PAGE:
PRP is a treatment that utilizes growth factors produced by platelets to promote tissue repair. PRP is harvested from the blood. Platelets are collected and concentrated by separating them from the liquid plasma and red blood cells. In this process, the leukocytes often come along for the ride. This can create “leukocyte-rich” PRP. Alternatively, in the case where leukocytes are removed from the PRP in some processing step, one may create “leukocyte-poor” PRP.
Unfortunately, the vast majority of studies do not have a strict definition on what is considered “rich” (LR) vs. “poor” (LP) leukocyte content, or the methods of leukocyte depletion from the sample. Without this information, it is nearly impossible to properly asses the clinical effectiveness of LR vs. LP PRP. Is the presence of leukocytes beneficial, or do they somehow impede the function of PRP to do its job? The short answer, (and there really isn’t one) is that “it depends”. Factors that affect this include the site of injection, the tissue in need of repair, the system used to remove leukocytes, the concentration of leukocytes in the sample.
What do Leukocytes do?
The role of leukocytes, in general, is to coordinate the inflammatory response to deal with wound healing and infections. Therefore, in theory, these cell-types can have both positive and negative effects on the healing process supported by PRP.
The inflammation these cell types trigger has been demonstrated to trigger catabolic cascades, cell death, and pro-inflammatory factors which may cause symptoms such as increased pain and swelling, putting added stress on already stressed-out tissues. However, in response to tissue injury, leukocytes are attracted to the area and clear cellular debris and bacteria. This aspect of the inflammation process is essential for healing to begin.
Despite this lack of consensus, some studies have investigated specifically the impact of leukocyte concentration on PRP efficacy. One network meta-analysis (NMA) specifically examined this question in the context of knee osteoarthritis(OA). It directly compared LR vs. LP PRP to control and/or placebo treatment in several studies, six of which were randomized control trials, and three were prospective comparative studies. These studies included a total of 1055 knee OA patients. LR-PRP was defined as PRP having a WBC concentration greater than 100% that of whole blood. Conversely, LP-PRP was defined as PRP having a WBC concentration less than 100% of whole blood.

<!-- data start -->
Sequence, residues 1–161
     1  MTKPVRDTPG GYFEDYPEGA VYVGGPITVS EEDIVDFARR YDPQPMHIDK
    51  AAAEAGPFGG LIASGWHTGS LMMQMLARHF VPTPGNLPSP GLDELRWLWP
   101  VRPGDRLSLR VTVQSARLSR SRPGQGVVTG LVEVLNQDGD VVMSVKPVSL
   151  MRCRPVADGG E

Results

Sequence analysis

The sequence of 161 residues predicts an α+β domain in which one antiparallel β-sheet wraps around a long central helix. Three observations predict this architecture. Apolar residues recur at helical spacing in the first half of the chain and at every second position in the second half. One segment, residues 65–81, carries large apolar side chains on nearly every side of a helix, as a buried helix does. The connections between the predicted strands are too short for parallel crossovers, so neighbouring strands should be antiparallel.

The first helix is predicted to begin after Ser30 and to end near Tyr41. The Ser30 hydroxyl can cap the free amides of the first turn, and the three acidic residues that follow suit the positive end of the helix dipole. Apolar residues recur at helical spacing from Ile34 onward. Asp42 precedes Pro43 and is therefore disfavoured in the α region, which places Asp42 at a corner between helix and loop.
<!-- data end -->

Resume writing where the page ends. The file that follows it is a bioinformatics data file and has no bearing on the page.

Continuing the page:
Three results variables assessed treatment efficacy (1) WOMAC score, (2) IKDC subjective score, and (3) the number of adverse reactions. This NMA concluded that the leukocyte POOR PRP produced improved results in the context of knee OA as compared to leukocyte RICH PRP. However, both PRP treatments demonstrated improvements compared to the control treatments. These findings suggest that the inflammation associated with the presence of leukocytes may be impacting the efficacy of PRP in the case of knee OA. (1)
However, it is important to know that other conditions may benefit from the presence of leukocytes. For example, a clinical study investigating the presence of LR-PRP on wound closure in oral and maxillofacial surgery suggested that in this context, the patients that received LR-PRP healed faster when compared to placebo. The initial inflammation was less pronounced in the LR-PRP group and subsided after 14 days in both groups. These results suggest that the presence of leukocytes in some contexts is beneficial to healing. (2)
What kind of PRP does the HARVEST system produce?
Unlike other systems, HARVEST PRP is a two-dimensional system, equipped with the ability to customize the PRP sample based on clinical indications. The HARVEST system initially produces PRP samples that are considered Leukocyte-rich (100% above baseline). Other one-dimensional systems that do not retain the leukocyte-rich fraction do not have the possibility of treating the indications that benefit from a high leukocyte content. In other words, once they’re gone, there’s no way of returning them to the sample when needed. For cases that require an LR-PRP, the HARVEST system produces a high-quality product.
However, one of the assets of the HARVEST PRP system is the level of customization possible with our PRP Clear product. Clear PRP enables efficient removal of 99% of the red cell content from PRP preparations while maintaining a high concentration of platelets in one additional processing step that takes less than 5 minutes. This allows for the second dimension of PRP treatment for situations that benefit from a PRP free-from leukocytes.
The presence or absence of leukocytes is not a one-size-fits-all solution. Rather, they may be used strategically to improve treatment where the clinical use demands. For example, it is possible that leukocyte presence is beneficial in soft-tissue contexts, whereas intra-articular contexts benefit from leukocyte-poor PRP. It is therefore imperative to do more research in order to understand exactly when and where the inclusion/exclusion of leukocytes from PRP is most beneficial. To achieve this, more research specifically comparing the leukocyte concentration in a variety of contexts is essential. Until then, we can rely on the knowledge, training and experience of the medical professionals who utilize PRP in their practice and the HARVEST system to produce both LR and LP-PRP when needed.
(1) Riboh, J. C., Saltzman, B. M., Yanke, A. B., Fortier, L. & Cole, B. J. Effect of Leukocyte Concentration on the Efficacy of Platelet-Rich Plasma in the Treatment of Knee Osteoarthritis. The American Journal of Sports Medicine 44, 792–800 (2016).
(2) Cieślik-Bielecka, A., Glik, J., Skowroński, R. & Bielecki, T. Benefit of Leukocyte- and Platelet-Rich Plasma in Operative Wound Closure in Oral and Maxillofacial Surgery. BioMed Research International 2016, 1–5 (2016).